As I laid outside well past our meal, wondering, thinking and dreaming, my mind began to rotate around one thought in particular; like a broken record. Feast of tabernacles. Why? why a rare blood moon of the first night of sukkot?
Those who observed this holy day as commanded by God were likely to see this moon, on this night! Not because they are good or holy or perfect, but because they were there; where God told them to be. This blood moon would be on the radar, with or without news stories, and scientists, prophecies or documentaries. This moon was observed by the observant. When we live in obedience to God’s ways, we don’t need channel 7 to tell us what to do and where to be. The moon cannot be fiddled or tampered with or manipulated by man, perhaps the celestial host is the only unadulterated piece of earth left. It is ultimately God’s channel to man, his signs and communication to his people. What is he saying?
I kept thinking of the verse, “You also are but aliens and sojourners”. The Israelites lived in booths following their beautiful and fierce exodus from Egypt, the land of oppression and slavery. God swooped down and plucked them out of a furnace. Forty years they lived in the wilderness, in an undesirable and trying place, where they could not settle, where they could not have their hearts deepest desire, where they failed over and over again. It was a graveyard to some, a springboard for others, but for none was it to be the land of promise.
Being a sojourner is temporary when you trust God. God brought them out and had Israel live in temporary booths, in the wilderness. Perhaps to remind them they were sojourners, strangers, just passing through the wilderness, the dry, hot, dirty, dessert where water is scarce and death reigns. Where they move frequently and rely on God’s provision and a mediator to intercede for them.
The moon would have been seen by anyone and everyone last night keeping the commands, but because of the rumors, even those who were not Jews observing sukkot, were observing the moon last night. God’s mercy to the gentiles is that he reaches out and he communicates to all who are willing to listen.
“It is too small a thing that you should be my servant to raise up the tribes of Jacob and to restore the preserved of Israel; I will also make you a light of the nation’s so that my salvation may reach to the end of the earth.” Isaiah 49:6
As I lay there under the open sky, I thought of passing through.As the earth passed between the moon and the sun and all was dark and foreboding for a moment in time; I remembered that we too, the earth, Adam, we are all simply passing through. Passing through between two powerful sources of light and government.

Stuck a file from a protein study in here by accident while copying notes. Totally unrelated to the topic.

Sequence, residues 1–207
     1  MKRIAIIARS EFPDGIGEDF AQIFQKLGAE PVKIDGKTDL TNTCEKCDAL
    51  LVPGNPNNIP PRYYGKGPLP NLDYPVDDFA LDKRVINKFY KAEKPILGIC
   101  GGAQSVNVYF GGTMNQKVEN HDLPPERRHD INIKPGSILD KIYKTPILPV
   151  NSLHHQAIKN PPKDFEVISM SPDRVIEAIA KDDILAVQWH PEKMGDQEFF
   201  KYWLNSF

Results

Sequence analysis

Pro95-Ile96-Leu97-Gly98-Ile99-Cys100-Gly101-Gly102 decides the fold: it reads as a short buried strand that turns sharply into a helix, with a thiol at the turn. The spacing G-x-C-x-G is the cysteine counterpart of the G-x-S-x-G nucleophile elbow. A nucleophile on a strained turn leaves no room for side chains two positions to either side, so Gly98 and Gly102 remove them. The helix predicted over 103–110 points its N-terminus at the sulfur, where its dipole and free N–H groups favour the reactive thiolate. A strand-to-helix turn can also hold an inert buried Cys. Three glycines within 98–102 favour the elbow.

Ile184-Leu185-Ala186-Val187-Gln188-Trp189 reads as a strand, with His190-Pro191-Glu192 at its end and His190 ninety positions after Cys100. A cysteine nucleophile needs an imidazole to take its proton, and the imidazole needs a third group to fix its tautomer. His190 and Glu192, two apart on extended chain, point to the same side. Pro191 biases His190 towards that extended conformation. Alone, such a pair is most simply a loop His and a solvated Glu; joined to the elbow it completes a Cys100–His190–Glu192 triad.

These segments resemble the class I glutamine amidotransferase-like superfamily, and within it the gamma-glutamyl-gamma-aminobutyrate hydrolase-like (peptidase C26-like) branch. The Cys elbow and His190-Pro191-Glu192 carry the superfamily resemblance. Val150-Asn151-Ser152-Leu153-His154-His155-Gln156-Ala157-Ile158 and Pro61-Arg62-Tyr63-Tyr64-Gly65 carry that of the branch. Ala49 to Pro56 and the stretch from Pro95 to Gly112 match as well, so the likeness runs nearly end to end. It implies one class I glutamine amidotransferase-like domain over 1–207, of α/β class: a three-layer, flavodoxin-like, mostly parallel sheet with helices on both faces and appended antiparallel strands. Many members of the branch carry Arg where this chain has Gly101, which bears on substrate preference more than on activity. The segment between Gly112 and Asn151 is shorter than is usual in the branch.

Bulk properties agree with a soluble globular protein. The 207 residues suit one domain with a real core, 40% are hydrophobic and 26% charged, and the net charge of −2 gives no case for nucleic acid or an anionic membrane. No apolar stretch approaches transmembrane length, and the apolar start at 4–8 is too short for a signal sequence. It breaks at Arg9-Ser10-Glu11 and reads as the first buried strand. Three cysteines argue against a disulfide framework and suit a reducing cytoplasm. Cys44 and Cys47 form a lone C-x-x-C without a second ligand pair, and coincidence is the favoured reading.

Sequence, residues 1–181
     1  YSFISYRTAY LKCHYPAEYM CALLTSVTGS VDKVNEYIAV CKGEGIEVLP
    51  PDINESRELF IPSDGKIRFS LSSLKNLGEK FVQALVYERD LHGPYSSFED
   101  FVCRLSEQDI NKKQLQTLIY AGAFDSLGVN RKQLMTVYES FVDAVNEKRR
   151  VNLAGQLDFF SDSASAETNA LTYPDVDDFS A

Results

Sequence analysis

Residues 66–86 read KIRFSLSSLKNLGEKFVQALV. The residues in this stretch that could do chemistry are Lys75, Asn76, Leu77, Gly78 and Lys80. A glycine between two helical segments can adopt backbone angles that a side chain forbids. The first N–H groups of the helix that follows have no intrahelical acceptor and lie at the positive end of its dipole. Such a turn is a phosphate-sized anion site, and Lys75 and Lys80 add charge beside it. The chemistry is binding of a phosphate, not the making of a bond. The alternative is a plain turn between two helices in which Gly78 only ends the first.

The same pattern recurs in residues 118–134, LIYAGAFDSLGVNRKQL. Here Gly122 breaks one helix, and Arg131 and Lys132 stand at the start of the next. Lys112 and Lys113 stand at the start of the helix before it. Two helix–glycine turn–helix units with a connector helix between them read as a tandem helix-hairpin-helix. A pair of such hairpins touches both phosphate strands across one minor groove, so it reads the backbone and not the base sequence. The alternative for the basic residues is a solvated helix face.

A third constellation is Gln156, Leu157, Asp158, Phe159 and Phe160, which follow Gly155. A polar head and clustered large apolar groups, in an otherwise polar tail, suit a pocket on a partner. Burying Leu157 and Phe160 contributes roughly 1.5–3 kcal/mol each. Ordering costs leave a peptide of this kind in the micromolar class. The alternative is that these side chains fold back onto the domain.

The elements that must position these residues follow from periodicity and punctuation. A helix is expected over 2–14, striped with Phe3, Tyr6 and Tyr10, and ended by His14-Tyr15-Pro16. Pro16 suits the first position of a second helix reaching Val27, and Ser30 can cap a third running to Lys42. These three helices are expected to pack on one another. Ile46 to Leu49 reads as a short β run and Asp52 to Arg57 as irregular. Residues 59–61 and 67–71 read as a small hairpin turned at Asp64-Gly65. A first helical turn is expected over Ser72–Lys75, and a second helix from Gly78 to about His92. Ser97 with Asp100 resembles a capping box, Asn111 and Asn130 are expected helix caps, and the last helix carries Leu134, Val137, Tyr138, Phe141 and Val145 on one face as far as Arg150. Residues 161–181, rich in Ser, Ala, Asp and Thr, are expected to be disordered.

This earth at times is like the wilderness and yet we are only momentary. Last night I felt like God wanted to remind his people of that. As they looked up in the night sky, stationed exactly where he instructed them to be, he sent out his signal: There is darkness, but it is passing and the light will emerge once again as the shadow dissipates and we move to the Promised Land and covenant places and our permanent homes.
The Lord had Israel living in booths so they would remember, even after 40 years, the wilderness was not their home, this barren thirsty valley of death and doubt, suffering and disobedience, is not where they would stay and it’s not where we will stay.
Many people thought, the world would end. My question to them all week was what does the end look like? What does that mean? The end of what? The end of the world? The end of peace? The end of the beginning? ? I don’t claim to know, although I’ll be honest it crossed my mind…not that the world would end, but that Jesus might come, or at least I hoped. but, we don’t know, it says in the bible he will come like a thief in the night. This leaves us with expectations of a secret stealth mission to quietly surprise us, but then it also says there will be trumpets to announce his presence and the dead in Christ shall rise…it’s hard to believe that could be done without us knowing. We just can’t know exactly what it will all look like, but we can trust Him. We can keep watching, keep aligning ourselves with God’s appointed times, keeping seeking him through prayer and keep listening for his voice. It is in the appointed times, he is closest, he reveals himself. His word brings us hope and life and whether we know dates and times or seasons, the goal is to know Him, whether he comes like a thief or with trumpets. He is our goal, not how he comes.
The goal of the appointed times is for God to draw near to his children, and his children to draw near to Him. The earth is full of bloodshed in as much as the moon appeared shrouded in the earth’s shadow, but God has not left us. He will come near again. His light will come, and Jesus will one day appear ; his presence will wash the sin and bloodshed from the earth and make it new again.
Perhaps the blood moon wasn’t really about the moon at all. Perhaps it was really all about the earth, our sukkah, and about us, those living in eager expectation under the blood moon.